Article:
What is an APK? A comprehensive guide to Android app files

If you’re an Android user that likes to tinker with your smartphone, you’ll have likely heard of APKs – but what exactly are they, and what do they do?

Essentially, Android apps are often distributed as a package file type known as an APK (short for Android Application Package).

An APK is basically the app installation file, packaged together with all of its assets and code. They are used as a means to streamline getting an app onto your phone or tablet. It’s basically how every Android app store, from Google Play to APKPure and more, provide you with the apps and games you want to use.

Still got questions? Good, because we’ve got plenty of answers. Keep reading to learn more about APKs.

What is an APK file?

In its simplest form, an APK is a file type, like an MSI for Windows or a DMG for Mac, that contains the code and resources for Android apps. It’s often referred to as an app, but it’s actually more like a container for an app. That’s because it contains all of the resources, permissions, and code needed to install and run said app.

As such, it’s helpful to think of it like a zipped folder that you can extract and view the contents of. When you download an Android app from the Google Play Store, you’re actually downloading an APK file.

Once you’ve installed the app, you can view the contents of the APK file by opening it in a file manager app or by decompiling the app using an APK analyser. This isn’t something the vast majority of users will want or need to do, but if you’re curious about the inner-workings of the APK file, it’s ready for a look.

What’s inside an APK?

An APK is a compressed folder that contains the app’s code, assets, etc. In the folder, you’ll find one or more files along with other folders. Let’s look at a few of those files:

  • APK file: This is the actual APK file you’ve downloaded from the Play Store. It’s an executable file that contains the app’s code. The app’s name is also included in the file’s name.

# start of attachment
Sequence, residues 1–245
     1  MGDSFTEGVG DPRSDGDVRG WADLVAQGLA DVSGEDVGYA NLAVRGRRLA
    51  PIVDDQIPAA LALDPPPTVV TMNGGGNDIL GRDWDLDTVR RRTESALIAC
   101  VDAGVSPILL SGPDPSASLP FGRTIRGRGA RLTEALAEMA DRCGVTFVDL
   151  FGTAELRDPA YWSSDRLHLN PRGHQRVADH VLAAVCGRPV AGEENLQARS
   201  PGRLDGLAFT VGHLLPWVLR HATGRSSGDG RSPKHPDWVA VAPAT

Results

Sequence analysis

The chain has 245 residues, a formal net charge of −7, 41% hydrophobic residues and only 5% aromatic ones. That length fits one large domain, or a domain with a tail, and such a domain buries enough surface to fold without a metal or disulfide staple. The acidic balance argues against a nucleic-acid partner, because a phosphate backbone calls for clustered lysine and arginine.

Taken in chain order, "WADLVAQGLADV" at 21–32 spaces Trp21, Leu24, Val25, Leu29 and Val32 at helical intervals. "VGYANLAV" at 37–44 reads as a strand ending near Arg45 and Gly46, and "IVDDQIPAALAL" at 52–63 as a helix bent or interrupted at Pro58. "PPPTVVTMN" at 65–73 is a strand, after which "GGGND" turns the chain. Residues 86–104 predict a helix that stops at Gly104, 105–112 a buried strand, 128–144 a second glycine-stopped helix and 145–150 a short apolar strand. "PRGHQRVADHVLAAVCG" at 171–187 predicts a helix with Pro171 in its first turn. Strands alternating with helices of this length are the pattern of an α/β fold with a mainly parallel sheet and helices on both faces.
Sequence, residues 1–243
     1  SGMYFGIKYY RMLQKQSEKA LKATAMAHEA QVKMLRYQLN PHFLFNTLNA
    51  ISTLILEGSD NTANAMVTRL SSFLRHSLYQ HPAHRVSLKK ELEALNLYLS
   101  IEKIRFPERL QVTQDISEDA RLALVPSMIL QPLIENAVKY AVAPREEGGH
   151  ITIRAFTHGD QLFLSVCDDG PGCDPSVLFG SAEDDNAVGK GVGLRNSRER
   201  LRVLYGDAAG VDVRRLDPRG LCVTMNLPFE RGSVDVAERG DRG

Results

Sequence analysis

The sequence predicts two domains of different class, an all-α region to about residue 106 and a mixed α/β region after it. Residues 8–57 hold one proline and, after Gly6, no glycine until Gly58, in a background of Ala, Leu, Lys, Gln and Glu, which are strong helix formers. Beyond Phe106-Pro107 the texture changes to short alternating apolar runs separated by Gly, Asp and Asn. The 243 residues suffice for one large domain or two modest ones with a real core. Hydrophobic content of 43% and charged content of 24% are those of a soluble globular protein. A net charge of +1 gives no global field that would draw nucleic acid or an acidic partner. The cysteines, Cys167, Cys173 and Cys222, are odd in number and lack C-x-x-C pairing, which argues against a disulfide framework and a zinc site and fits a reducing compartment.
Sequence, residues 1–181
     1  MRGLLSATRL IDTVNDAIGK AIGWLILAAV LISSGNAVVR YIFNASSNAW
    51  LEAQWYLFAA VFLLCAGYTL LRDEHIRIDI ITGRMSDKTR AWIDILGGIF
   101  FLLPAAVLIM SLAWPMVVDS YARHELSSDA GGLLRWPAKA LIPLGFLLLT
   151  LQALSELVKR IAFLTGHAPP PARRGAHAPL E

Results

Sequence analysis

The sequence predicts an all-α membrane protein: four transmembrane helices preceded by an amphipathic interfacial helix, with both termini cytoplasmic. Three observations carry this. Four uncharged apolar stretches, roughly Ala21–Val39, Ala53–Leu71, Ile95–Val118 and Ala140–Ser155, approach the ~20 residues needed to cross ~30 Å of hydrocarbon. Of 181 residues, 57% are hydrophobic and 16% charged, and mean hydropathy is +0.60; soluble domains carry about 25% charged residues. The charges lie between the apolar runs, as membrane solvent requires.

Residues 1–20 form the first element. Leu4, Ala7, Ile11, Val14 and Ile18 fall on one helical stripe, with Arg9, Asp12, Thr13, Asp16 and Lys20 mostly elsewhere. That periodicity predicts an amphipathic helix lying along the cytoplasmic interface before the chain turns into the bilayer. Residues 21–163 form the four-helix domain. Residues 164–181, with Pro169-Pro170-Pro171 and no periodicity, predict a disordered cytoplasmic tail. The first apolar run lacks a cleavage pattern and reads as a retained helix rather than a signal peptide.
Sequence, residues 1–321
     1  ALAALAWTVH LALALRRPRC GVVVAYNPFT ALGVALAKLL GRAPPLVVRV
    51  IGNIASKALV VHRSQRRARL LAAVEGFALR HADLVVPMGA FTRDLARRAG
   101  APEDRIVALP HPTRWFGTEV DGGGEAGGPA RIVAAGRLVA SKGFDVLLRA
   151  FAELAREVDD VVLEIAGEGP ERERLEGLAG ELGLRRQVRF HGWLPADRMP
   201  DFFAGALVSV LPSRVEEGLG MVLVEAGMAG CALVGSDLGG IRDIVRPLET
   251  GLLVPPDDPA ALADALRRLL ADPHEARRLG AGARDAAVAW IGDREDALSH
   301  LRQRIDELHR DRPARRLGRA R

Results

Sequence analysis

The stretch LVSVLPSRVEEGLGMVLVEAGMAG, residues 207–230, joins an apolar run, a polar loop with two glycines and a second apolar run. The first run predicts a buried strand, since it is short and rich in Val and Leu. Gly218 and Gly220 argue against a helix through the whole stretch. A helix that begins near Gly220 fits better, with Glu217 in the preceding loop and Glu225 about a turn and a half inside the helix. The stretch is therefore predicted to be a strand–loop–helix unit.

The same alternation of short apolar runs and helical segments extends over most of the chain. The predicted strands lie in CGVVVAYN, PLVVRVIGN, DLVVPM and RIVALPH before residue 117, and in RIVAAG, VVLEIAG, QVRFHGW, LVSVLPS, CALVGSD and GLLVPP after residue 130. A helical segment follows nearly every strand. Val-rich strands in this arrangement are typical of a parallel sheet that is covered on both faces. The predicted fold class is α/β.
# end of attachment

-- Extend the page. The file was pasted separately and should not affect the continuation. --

• AndroidManifest.xml: This is where you’ll find details about the app, including its name, version number, dependencies, functionality, etc. The manifest is critical to installing and running the app. If this file is missing or corrupt, the app won’t install or run properly.
  • assets: This folder contains all of the assets used by the app, including images, videos, fonts, and other files.
  • lib: This folder contains the app’s code, which is written in Java. You may also see folders named after Java packages like com, java, etc.
  • res: This folder contains the app’s resources. These include design assets like icons, graphics, and other visual elements.

APK limitations

There are a few limitations of APK files that you need to be aware of before installing apps from outside the Play Store. APKs are signed using a private key. If they’re not signed with a certificate, they can’t be installed on devices that aren’t owned by the developer.

You also can’t install an APK on a device running a different Android version to the one it’s intended for. This means that if you want to install an app on a device running Android 14, the app’s APK must have been built for Android 14.

Apps installed via an APK won’t receive automatic upgrades like those installed from the Play Store. You’ll have to manually update the app to make sure that it stays secure and functional.

Unless you’re a professional looking to install proprietary software, or a developer testing a new app, we recommend most users avoid installing apps from outside the Play, or another big name, app store.

Many from less scrupulous sources can contain malware. In some instances, since the software may not be optimised to run on the exact version of Android you’re using they can also cause performance issues.

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